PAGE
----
Janet LedgerMidland Landscape


Commentary on Henry Burnett's Newly Released Book

Meio-dia is the name of a new book by philosopher, musician and composer Henry Burnett. The work is a minimal memory whose title – like its author – is multifaceted and can lead the reader either to one of the most beautiful metaphors of Nietzschean philosophy: noon, the moment of the shortest shadow or the hour without shadows, or the famous stanza of the song by Caetano Veloso: “sunshine, let the leaf bring and translate”, a precious stanza both for vegetables and for poets and song writers.

Henry Burnett (for those who know his books and songs) has a wide command of the philosophical and musical world of Nietzsche and Caetano Veloso. However, Meio-dia, in his first piece entitled Aunt Lucy speaks of a sun, perhaps less known, of the Amazonian midday, specifically that of Belém. From the suffocating, oppressive and historical sun, historical because it has already melted many European makeups and delusions in the Amazon and, perhaps, has melted the dream of old Aunt Lucy Burnett, a Scottish, cultured and distinguished lady who, somehow, understood (disappointedly) that elegance in Scotland and Brazil are not the same thing.

In fact, ostentation would be a more appropriate term for us Brazilians, a gesture that dispenses with elegance: this can be seen in the very criticism that the narrator makes of his father, the man who “boasted a bourgeois arrogance incompatible with his meager income” (Aunt Lucy, P. 17). In any case, aristocracy is an aphrodisiac and forever seduced the Burnett boy. What little is understood, perhaps, is that one of the most aristocratic gestures – revealed by Aunt Lucy herself – consists of the gesture of saving books.

His gift of books to his nephew and the question, “Are you ambitious?” cannot be disconnected in the text, since what is “bastard” (this was how the nephew was previously seen by the austere aunt) can often be what seduces and redeems the nobility. By the way, isn't this one of the great lessons given by one of the great masters of reminiscence? Wasn't it Proust himself who described the nobles' secret taste and curiosity for the buzz that comes from the servants inside the kitchens? Servants who appear in the story of erotic advantages for children and youth of the narrator: “Babysitters, maids, imprecise women” (Games children, P. 37), in the test of the first steps with Don Juanism, including Don Juanism with one's own body, with one's own memory, because there is no memory without naughty, memory with “the time to open and close the towel” (idem).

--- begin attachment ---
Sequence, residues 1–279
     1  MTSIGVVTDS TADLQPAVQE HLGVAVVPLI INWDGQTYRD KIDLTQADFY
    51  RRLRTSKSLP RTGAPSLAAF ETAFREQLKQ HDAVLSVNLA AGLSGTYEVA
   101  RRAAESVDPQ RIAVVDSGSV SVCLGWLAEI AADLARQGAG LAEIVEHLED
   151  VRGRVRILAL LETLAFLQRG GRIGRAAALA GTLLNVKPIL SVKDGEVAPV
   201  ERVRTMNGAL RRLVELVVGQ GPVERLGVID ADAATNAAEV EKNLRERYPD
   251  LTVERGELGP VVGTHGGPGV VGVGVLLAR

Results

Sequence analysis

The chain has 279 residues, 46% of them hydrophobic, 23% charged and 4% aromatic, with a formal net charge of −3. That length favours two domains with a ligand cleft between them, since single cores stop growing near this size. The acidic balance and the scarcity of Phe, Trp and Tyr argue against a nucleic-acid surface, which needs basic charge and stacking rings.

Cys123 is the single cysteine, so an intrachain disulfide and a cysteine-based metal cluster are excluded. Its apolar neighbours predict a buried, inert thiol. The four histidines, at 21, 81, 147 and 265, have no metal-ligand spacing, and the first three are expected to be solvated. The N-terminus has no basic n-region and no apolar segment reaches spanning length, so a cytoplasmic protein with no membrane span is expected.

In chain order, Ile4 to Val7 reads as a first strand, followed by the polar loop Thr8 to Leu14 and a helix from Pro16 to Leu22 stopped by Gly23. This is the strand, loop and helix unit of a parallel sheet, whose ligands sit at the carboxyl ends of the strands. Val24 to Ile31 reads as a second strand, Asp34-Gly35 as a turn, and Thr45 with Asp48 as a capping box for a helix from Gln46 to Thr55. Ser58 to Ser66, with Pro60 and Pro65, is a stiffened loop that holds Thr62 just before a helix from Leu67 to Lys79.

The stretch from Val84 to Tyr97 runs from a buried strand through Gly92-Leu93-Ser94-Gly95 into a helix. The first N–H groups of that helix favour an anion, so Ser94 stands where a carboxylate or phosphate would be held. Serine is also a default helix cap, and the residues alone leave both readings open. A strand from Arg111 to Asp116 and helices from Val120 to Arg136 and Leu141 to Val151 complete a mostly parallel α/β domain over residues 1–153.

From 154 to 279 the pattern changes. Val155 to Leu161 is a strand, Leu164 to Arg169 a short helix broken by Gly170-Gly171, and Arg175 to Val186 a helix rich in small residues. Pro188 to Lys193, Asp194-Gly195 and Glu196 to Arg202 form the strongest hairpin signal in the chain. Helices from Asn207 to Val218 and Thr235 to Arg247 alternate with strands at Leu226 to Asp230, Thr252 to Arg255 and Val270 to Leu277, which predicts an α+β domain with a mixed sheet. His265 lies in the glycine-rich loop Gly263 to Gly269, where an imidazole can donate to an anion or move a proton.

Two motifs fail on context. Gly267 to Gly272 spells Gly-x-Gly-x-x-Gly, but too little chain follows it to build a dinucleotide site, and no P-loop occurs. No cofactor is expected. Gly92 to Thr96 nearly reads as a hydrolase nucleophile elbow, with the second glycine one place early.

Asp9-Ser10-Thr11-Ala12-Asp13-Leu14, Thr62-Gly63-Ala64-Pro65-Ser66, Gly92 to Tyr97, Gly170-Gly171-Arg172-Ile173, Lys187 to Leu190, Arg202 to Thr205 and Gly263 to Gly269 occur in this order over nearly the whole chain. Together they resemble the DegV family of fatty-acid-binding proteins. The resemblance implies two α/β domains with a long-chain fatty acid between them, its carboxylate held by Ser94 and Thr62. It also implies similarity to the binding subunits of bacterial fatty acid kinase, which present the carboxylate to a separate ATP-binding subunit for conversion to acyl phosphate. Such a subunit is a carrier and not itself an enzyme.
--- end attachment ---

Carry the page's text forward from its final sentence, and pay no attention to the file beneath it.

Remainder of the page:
From childhood reminiscences, the house with a “wooden and cotton wall in the backyard” (Scenario a little later, P. 27). Time when cotton was planted by grandmothers and mothers for the use of homemade medicine or for urgent cases of kids who used cotton from the backyard when they pierced their foot or stanched scraped knees (all this hidden from their mothers). Melancholy of a city, memories of cotton, which bring lightness and wounds at the same time, and even the artificial Cidade Nova de Ananindeua, which once again had nothing, made backyards disappear, cotton plants and made the pharmacology around every corner.

The reader, therefore, will realize that a very peculiar memory “is the absence of a house” (The house, P. 31). This apparent emptiness in childhood can reveal, in adult life, advantages for other forms of life, other ways of living or changing city(s), such as, for example, comparing the sound of rain “on other people's roofs”, comparing the smell of rain in São Paulo and Belém (Night rain, Sao Paulo, P. 33). With the absence of a home and the absence of a father, it would therefore be natural to seek shelter in the church. But our narrator was already a goner. From there he learned the “catechesis of joy” (from the encounter with “beautiful sisters” who no longer wanted to be pure) and the formation of an “atheist-ecumenical” (Take 3, p. 41).